I've always favoured the traditional recruitment cohort for the police; young men not academically gifted but physically fit and who not only won't settle for being clerks or shop assistants but who possess a self-confidence that their poor academic prospects would otherwise leave unexpressed. None of which is remotely equivalent to the 'barely literate' standard of many new plods described by Tom Winsor. If a policeman can't write fluently in cursive script, if he can only painfully and slowly form mis-spelt words in BLOCK CAPITALS, if his vocabulary is functionally limited, if he's unable to understand the most simple mathematical relationships, he's unfit to wear the uniform.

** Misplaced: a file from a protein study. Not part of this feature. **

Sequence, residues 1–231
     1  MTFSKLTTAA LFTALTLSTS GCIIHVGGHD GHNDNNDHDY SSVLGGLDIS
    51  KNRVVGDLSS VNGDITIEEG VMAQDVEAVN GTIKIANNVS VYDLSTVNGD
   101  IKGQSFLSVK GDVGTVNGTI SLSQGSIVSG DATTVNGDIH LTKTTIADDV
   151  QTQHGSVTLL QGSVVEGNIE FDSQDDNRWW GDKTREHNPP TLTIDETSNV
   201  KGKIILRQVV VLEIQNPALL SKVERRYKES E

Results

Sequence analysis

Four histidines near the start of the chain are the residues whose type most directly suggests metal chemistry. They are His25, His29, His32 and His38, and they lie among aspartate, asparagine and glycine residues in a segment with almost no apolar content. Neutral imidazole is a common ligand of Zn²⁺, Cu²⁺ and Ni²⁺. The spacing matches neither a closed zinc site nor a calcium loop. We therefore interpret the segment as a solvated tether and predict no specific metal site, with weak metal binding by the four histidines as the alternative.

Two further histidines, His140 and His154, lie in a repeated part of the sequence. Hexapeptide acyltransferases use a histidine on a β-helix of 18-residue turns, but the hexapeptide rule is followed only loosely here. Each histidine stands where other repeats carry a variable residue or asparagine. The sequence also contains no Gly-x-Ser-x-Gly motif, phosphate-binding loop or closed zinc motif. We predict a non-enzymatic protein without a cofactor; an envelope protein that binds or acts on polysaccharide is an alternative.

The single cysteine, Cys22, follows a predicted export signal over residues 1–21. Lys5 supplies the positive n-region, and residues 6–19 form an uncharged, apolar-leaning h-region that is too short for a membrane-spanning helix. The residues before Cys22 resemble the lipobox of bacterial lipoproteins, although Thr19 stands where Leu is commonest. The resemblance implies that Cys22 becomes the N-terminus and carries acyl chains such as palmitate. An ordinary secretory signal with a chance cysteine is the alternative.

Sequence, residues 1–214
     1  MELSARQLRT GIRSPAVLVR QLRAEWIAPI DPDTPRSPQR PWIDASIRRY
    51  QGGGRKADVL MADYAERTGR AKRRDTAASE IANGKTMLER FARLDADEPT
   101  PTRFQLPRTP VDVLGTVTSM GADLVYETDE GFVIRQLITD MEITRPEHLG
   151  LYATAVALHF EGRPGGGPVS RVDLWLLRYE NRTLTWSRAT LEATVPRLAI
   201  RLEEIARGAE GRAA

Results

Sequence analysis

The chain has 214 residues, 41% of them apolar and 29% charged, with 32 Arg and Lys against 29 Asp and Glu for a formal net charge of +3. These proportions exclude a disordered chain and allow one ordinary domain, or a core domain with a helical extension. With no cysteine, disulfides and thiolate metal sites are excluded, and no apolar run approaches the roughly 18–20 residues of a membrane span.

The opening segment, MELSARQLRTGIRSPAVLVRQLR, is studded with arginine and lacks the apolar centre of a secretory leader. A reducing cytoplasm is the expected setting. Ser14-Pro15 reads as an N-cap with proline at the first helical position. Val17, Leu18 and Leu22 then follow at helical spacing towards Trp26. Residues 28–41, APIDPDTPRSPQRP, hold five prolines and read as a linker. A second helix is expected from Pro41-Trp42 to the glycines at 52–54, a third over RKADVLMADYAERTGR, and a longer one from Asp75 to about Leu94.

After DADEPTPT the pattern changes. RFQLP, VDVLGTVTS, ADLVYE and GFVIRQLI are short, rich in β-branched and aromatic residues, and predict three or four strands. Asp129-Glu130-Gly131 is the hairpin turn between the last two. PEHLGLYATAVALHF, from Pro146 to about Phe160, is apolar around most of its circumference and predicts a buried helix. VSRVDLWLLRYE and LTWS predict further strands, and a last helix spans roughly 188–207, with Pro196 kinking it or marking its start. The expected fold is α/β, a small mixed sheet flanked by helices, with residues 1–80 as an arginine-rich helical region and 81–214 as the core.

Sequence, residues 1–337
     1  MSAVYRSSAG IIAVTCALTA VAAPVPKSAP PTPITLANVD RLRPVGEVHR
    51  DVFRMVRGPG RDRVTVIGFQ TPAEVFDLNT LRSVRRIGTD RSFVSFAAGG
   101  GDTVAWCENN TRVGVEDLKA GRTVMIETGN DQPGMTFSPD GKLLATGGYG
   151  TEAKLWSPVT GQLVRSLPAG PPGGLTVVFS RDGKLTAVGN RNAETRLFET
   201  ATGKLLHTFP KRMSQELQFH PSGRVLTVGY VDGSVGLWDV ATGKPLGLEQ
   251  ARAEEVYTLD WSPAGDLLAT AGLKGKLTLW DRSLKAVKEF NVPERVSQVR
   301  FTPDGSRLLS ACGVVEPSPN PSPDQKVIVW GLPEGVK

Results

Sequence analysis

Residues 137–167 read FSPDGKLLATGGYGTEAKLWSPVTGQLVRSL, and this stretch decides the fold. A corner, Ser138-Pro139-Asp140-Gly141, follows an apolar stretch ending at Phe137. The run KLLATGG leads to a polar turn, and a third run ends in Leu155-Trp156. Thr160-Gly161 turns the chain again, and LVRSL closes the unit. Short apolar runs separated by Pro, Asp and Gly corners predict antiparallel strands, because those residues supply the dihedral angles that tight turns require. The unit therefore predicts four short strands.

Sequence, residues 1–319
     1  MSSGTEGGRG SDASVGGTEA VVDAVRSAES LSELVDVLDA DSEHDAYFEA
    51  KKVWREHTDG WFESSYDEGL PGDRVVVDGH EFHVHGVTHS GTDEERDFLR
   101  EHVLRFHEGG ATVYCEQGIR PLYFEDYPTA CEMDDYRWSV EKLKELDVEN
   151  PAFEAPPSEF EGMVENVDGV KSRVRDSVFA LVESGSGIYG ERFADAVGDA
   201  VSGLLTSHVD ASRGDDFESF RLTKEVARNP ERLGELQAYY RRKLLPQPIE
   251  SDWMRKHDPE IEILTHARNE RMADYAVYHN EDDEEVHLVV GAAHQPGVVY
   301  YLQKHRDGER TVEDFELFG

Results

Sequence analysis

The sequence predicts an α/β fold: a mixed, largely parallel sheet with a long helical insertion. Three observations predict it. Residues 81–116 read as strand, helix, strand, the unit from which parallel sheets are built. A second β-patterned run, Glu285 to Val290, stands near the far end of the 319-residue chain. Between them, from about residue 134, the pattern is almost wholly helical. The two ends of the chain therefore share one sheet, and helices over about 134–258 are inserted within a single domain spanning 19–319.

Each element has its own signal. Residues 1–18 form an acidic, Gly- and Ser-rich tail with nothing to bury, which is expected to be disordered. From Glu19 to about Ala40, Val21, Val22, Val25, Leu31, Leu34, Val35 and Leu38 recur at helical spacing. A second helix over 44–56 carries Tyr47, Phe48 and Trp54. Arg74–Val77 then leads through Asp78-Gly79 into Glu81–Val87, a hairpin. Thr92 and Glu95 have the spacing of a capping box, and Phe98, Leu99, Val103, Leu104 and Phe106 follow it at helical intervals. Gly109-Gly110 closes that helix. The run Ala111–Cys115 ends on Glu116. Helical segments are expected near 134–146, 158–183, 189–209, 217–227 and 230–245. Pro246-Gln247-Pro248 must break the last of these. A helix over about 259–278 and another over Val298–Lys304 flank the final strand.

A policeman needs an ability to listen, to understand and to reason. He needs to be able to write statements quickly and fluently, to give evidence coherently. He needs to remember the Act and the section of the Act. He needs to understand basic abstract concepts such as probity, equity and stewardship. Above all he needs the self-confidence to carry out his duties without resentment of or fear of ridicule from more advanced citizens, and without sense of obligation. Literacy is a good indicator of many of these qualities. Without them, a policeman is just a security guard.